Rep. Bob Filner (D) reportedly told a crowd over the weekend that he is running for mayor of San Diego next year.
The former Freedom Rider spoke after a local screening of a film about the civil rights activists who challenged the segregation of public transportation and facilities in the South. A graduate student at San Diego State University reported the news over Twitter, and his tweets were picked up by local press.
Calls from Roll Call and local press to the Congressman’s office to confirm his intentions have so far gone unreturned. But local Democratic activists say the news is no surprise, as Filner has made no secret of his desire to run for mayor.
Before heading to Washington, D.C., Filner spent several years as an elected city politician, including four years on the school board and five years on the city council. He was first elected to Congress in 1992 and has easily won re-election ever since. A bid for mayor would open a safe Democratic seat and likely invite an onslaught of contenders, though the district will change some in redistricting.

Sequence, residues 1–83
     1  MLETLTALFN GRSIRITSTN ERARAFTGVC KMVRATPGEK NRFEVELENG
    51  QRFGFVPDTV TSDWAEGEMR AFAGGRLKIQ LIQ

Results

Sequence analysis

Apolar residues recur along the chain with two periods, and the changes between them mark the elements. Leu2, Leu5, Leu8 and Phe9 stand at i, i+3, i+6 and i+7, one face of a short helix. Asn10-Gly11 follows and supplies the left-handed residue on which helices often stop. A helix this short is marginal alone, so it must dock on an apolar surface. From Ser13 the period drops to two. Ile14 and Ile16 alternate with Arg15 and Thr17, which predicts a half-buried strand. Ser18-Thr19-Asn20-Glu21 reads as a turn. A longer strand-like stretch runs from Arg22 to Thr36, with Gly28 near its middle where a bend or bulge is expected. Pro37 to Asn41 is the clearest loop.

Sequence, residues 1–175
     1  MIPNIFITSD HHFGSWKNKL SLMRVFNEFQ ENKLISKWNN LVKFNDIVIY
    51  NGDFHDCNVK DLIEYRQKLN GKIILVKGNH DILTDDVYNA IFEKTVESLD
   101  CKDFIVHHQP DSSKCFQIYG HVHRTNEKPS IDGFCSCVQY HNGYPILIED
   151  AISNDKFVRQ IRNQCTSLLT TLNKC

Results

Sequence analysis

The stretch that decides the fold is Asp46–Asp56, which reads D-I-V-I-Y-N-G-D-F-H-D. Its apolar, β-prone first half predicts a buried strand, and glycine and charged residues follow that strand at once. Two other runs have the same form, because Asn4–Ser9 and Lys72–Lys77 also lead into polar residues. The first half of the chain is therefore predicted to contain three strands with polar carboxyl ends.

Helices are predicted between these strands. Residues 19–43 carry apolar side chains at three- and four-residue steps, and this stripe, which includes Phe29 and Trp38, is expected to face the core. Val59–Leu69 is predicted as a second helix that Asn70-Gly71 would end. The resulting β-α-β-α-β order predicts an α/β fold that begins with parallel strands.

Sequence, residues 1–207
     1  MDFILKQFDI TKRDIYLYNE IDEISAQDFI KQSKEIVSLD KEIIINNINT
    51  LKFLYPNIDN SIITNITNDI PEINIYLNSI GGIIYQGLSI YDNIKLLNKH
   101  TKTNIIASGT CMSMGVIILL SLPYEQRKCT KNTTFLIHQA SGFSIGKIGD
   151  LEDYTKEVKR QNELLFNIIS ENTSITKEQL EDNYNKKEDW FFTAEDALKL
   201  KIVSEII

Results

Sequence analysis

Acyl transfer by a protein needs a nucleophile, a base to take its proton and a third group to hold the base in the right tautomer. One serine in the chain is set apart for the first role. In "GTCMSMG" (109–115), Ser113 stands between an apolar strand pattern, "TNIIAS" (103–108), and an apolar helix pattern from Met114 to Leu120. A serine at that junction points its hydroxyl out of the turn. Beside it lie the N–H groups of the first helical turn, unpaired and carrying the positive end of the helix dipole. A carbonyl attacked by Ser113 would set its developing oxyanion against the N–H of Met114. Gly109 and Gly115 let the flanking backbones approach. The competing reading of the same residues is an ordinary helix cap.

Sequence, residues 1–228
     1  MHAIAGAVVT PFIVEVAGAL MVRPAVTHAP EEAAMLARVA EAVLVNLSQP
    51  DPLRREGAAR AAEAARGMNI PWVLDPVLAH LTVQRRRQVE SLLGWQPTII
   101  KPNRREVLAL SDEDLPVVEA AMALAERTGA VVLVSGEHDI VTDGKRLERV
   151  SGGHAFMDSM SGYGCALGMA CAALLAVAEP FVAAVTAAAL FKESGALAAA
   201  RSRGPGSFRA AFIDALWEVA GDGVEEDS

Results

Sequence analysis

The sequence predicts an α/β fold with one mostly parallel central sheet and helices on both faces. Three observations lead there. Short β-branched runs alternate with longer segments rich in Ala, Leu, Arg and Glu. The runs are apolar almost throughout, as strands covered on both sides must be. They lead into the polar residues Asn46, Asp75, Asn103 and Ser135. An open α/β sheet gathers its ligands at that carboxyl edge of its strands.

Democratic strategist Lucas O’Connor wrote on the Two Cathedrals blog that Filner’s entrance is important “because we haven’t had two full-strength sides engaged in a city-wide debate in a number of years” and that Filner “has the experience and personal campaign infrastructure to overcome existing deficiencies that have hamstrung previous efforts at a full-scale, two-sided debate about the issues that face this city.”
United We Dream protesters carry a mock coffin to the office of Sen. Ted Cruz, R-Texas, in the Dirksen Senate Office Building on Monday, July 21, 2014, to hold one of their "funeral services for the Republican Party" due to GOP positions on immigration. The immigration reform group visited several other Senate Republican offices to hold similar funeral services.